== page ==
Pit Schultz on 14 Aug 2000 13:24:52 -0000

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Re[2]: <nettime> Terror in Tune Town

TS> its a power game, as far as i understand it.

yes. and so far i only understand that digital code doesn't work the old
way, where power was about disciplination. now its about the modes of
control it says. i think gaining power out of digital code lays in it's
rematerialization. encryption for example is "hardening" code, other modes
define the individual, scan what codes go in and out. the third kind, and
maybe the strongest one is perception management, the
propaganda-spectacle. napster, in the end of the day, got a lot of press,
a lot of hits, and therefore has a lot of "value". temporary freedom, yes.
endless supply, yes.  destruction first, reconstruction after. very modern
indeed.  we are all part of this process. 

napters management, like at mp3.com is making deals with the old powers,
and finally in a big embracement, a "hybrid"  of old and new (music
industry) is emerging, where sales do not go down, and a little percentage
of grey zones is good for the business. all that hype - i really can't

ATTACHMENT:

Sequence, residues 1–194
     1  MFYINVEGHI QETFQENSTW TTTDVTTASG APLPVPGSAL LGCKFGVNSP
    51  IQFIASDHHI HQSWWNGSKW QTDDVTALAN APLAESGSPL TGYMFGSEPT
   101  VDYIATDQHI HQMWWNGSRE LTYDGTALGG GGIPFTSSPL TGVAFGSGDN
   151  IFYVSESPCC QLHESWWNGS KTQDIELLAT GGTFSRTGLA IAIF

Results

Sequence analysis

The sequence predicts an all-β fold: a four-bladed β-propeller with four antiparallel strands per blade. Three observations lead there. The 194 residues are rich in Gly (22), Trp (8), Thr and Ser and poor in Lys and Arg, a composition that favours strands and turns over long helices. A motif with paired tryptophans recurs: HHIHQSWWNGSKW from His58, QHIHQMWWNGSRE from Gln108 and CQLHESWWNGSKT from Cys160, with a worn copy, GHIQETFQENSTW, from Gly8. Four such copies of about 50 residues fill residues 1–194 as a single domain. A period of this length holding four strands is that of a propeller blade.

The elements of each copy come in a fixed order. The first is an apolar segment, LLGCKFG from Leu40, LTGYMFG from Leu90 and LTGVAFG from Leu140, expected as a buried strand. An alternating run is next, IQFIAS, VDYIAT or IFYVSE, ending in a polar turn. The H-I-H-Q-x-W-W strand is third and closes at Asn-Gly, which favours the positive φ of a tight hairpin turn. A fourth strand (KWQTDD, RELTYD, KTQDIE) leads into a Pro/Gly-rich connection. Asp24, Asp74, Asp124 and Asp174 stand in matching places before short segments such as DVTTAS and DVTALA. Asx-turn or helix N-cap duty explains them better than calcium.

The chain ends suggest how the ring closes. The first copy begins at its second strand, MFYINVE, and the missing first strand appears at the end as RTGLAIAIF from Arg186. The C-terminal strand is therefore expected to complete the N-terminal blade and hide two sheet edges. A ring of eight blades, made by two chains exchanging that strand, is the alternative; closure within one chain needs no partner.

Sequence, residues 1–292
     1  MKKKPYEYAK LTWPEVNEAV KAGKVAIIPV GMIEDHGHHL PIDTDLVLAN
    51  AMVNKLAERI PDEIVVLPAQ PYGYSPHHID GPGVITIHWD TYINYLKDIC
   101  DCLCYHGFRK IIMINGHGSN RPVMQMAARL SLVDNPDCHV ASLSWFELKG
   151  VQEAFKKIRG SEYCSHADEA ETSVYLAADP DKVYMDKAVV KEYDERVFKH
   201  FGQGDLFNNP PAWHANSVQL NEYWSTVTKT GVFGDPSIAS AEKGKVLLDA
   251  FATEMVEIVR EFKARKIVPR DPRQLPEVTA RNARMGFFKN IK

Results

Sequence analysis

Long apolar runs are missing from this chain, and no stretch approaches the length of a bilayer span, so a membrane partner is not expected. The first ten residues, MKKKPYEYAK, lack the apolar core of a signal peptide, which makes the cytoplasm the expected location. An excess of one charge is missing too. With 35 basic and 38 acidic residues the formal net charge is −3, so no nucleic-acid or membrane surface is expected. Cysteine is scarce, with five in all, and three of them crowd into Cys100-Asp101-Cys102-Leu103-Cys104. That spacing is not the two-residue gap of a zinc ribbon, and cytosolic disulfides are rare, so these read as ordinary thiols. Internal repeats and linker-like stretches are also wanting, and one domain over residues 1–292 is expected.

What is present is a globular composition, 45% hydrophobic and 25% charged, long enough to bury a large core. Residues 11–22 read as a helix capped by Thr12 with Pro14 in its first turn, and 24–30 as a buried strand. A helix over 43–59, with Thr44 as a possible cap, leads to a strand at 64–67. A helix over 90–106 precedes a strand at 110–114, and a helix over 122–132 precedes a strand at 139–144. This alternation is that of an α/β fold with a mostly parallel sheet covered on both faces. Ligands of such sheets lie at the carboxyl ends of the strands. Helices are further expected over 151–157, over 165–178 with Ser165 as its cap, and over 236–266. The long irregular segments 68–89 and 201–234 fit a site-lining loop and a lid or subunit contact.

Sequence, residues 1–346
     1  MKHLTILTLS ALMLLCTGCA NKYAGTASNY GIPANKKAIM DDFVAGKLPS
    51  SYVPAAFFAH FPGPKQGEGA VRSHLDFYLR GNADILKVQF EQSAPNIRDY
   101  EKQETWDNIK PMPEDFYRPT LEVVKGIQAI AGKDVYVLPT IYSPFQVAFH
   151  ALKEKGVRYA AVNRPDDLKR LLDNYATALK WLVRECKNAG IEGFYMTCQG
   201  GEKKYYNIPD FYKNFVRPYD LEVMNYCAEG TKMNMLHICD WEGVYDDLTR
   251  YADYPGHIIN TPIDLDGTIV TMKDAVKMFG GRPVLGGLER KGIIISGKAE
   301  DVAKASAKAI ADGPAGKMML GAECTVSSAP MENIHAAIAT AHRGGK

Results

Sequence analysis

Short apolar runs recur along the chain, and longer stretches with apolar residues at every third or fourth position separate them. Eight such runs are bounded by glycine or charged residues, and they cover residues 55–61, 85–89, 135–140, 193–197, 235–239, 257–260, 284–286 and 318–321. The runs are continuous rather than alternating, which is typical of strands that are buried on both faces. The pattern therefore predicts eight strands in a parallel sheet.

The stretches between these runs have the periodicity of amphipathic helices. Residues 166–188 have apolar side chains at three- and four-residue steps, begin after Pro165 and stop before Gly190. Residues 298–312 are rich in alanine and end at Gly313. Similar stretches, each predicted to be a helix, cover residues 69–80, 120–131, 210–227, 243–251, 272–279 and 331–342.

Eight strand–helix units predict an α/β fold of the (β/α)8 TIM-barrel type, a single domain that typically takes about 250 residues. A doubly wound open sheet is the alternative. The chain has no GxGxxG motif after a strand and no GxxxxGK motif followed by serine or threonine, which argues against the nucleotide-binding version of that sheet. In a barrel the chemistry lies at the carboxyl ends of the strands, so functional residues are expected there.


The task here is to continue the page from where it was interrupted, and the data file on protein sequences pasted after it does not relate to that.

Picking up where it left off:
understand it.  napster marks nothing more then the spear-head of digital
capitalism, where new business models occur because friction between old
and new is at the max. so what? who wants to read business plans all day?
and who wants to download 40 Gigs of mp3s when the next standard (aac) is
just waiting around the corner? 

isn't copyright law a derivative law? intellectual property is not written
down in any constitution, it's constantly changing, and belongs more to
contract things like the nafta. just for a moment it seems that computer
code is stronger then law, here the understanding will change, is already
changing, to IP becoming a plain commodity, even under a more processual
definition: mental labour or the smoothly shifting regime going under the
name of "bio power".  this is about much more advanced forms of control
and competition including open source and gift giving battles. 

or why does 90% of nettime postings of these days route back to some kind
of online journalism? it's the dumpness of 'actuality' which sucks - not
the yes or no to copyright it's the lack of hard differences in this
one-world, a deep demand for "real" information which makes us want to
download more? 

and file-sharing as a killer-application? all what is new is the wide use
of a central/distributed directory service with an easy interface.
hotline/trecker was certainly what inspired napster plus the warez djungle
of temp-ftp-sites.  there is nothing radically new if you carefully
observe what is happening - it doesn't make a difference when the press or
lawyers are banging in. 

anyway, this thread was really fun to read! 

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